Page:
County Discusses Casino Revenues

SNOW HILL –  While the county’s share of casino revenues has increased with the addition of table games, officials say it’s too early to determine the long-term impact.

Finance Officer Phil Thompson presented the Worcester County Commissioners with an update on the local impact grant revenue the county has received from the Ocean Downs Casino at a meeting this week. He reported that during 2018, the county received nearly $389,000 in revenue from table games.

“We’re one year into this and we’re still getting comfortable with where the numbers are really going to come in…,,” he said. “Are these numbers going to be consistent?”

Thompson said this week’s update on funding was in response to the numerous requests the commissioners received during last year’s budget process for additional funding. He pointed out that while the county’s overall casino revenue had increased because of table games, the funding stream was dedicated to paying off the $2.5 million annual debt service attributable to Worcester Technical High School.

He said that last year, even with $2.485 million in total casino revenue, the county had still been required to use some general fund money to cover the debt service. Thompson believes the county’s share of casino revenue could be a bit higher this year. Even so, he suggested the county continue to apply all of the revenue to debt service.

“I’m strongly recommending that we stick to our guns and stay the course regarding the plan to retire that debt,” he said. “Any significant deviation may result in us having to find additional revenues within the county budget to backfill that shortfall.”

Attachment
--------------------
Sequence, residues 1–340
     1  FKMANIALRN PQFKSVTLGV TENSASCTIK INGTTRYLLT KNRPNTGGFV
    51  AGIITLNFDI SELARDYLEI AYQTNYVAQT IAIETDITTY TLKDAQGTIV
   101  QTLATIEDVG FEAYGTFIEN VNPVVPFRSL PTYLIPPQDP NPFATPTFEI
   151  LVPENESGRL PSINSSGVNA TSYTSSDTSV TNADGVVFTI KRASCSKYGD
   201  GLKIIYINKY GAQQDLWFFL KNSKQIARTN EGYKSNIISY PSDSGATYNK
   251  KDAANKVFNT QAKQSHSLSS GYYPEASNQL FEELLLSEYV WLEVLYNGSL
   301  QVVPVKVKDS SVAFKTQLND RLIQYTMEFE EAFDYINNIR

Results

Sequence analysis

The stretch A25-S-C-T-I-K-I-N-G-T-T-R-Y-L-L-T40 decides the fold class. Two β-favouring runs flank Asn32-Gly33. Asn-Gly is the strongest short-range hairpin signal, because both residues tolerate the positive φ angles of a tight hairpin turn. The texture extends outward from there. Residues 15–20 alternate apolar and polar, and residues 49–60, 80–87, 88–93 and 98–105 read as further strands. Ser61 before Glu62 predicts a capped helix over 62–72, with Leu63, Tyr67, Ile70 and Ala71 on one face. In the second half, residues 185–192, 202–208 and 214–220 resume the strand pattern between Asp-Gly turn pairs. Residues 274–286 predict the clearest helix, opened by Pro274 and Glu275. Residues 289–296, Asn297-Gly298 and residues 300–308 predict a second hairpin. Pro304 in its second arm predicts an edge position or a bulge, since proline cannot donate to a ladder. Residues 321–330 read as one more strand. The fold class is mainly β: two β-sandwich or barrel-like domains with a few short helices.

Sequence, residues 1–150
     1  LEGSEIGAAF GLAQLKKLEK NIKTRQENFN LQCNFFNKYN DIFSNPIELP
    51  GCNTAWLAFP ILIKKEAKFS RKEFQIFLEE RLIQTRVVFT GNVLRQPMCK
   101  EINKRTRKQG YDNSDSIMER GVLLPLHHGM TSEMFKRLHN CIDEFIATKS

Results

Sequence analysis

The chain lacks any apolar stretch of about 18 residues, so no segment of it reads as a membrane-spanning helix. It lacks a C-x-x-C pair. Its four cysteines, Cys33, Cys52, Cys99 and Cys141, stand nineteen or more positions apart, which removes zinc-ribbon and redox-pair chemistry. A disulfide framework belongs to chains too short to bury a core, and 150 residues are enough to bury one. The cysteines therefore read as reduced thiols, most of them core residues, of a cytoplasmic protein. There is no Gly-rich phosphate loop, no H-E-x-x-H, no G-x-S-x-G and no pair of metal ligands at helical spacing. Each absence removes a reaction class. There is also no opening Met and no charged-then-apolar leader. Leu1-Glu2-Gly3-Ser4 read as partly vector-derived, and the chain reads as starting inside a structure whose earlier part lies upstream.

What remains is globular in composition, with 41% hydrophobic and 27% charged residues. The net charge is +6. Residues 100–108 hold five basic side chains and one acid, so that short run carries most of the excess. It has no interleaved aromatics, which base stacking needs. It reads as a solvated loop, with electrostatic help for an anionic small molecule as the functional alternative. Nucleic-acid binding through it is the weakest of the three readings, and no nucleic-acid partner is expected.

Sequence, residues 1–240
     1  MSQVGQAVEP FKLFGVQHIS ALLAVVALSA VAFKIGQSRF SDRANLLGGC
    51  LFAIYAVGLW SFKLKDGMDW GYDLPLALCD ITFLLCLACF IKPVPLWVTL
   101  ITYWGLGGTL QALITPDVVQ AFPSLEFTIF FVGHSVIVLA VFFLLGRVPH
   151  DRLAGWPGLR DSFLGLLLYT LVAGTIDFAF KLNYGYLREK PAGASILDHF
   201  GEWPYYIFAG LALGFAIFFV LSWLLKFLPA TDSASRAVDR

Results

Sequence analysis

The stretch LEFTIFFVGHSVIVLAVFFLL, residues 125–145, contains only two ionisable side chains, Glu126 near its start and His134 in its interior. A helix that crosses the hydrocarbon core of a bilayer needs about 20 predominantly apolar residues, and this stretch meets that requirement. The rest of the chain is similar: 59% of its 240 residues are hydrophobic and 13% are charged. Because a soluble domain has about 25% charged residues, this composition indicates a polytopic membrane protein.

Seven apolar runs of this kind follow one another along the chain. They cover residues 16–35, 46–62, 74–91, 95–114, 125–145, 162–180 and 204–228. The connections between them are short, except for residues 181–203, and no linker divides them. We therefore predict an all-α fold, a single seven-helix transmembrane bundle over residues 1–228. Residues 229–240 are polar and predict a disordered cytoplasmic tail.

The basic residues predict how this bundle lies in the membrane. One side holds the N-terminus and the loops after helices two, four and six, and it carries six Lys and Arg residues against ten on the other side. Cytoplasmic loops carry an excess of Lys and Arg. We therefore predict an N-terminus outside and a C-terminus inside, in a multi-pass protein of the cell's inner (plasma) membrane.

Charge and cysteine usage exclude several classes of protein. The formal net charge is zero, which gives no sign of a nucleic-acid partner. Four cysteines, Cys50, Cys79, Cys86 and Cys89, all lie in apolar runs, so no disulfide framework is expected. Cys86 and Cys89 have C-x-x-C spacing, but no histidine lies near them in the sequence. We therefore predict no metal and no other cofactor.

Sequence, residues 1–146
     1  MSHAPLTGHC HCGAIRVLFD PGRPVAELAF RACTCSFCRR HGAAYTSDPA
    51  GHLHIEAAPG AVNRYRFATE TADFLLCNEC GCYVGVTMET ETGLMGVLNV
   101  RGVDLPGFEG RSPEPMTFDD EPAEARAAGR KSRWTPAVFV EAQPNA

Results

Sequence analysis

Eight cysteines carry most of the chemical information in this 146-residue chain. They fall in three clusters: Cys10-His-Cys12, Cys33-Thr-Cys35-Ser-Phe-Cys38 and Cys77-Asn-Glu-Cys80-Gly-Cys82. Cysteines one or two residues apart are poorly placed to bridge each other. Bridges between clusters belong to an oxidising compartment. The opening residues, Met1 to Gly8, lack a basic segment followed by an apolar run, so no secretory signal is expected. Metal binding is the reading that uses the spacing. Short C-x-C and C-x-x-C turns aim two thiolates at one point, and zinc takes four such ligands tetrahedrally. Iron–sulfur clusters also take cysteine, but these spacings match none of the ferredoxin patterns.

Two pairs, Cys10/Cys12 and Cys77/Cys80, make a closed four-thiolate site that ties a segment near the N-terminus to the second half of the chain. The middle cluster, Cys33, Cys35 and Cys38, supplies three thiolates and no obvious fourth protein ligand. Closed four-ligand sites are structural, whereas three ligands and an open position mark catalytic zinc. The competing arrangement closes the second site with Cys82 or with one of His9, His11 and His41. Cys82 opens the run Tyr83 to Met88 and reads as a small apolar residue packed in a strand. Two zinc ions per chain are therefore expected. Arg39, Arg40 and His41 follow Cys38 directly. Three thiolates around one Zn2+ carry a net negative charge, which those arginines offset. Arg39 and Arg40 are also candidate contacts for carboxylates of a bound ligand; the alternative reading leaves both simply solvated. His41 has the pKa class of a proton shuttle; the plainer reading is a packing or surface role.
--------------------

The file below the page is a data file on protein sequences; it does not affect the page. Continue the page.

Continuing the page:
Commissioner Jim Bunting said he thought the extra revenue should be used to provide more funding to local fire companies as well as to the towns that didn’t yet receive a share of casino revenue.

“It would solve a couple problems,” he said.

Commissioner Joshua Nordstrom asked if the county was set to pay off the school’s debt on schedule. Thompson said it was, and that the debt would be repaid in four years if the county continued to pay $2.5 million a year.

“Going forward it looks as though we’re going to make the next four years comfortably,” he said.

Commissioner Diana Purnell pointed out that casino funding could only be used for certain purposes, such as infrastructure.

“I think at budget session we need to talk about this and work through this,” she said. “I agree we need to stay on course and get this school paid up and out of the way.”

Thompson said the casino revenue could be used for six purposes, which included infrastructure and public safety, among other things.

“The ultimate decision I believe resides with this body,” he said.

Assistant Chief Administrative Officer Kelly Shannahan reminded the commissioners that they’d adopted a multi-year funding plan for the county’s casino revenue in 2011.

“You could reassess that multi-year plan after the career and tech center has been paid off and determine whether your next priorities in your plan would be appropriate or whether you need to adjust your multi-year plan,” he said.

About The Author: Charlene Sharpe

Alternative Text

Charlene Sharpe has been with The Dispatch since 2014. A graduate of Stephen Decatur High School and the University of Richmond, she spent seven years with the Delmarva Media Group before joining the team at The Dispatch.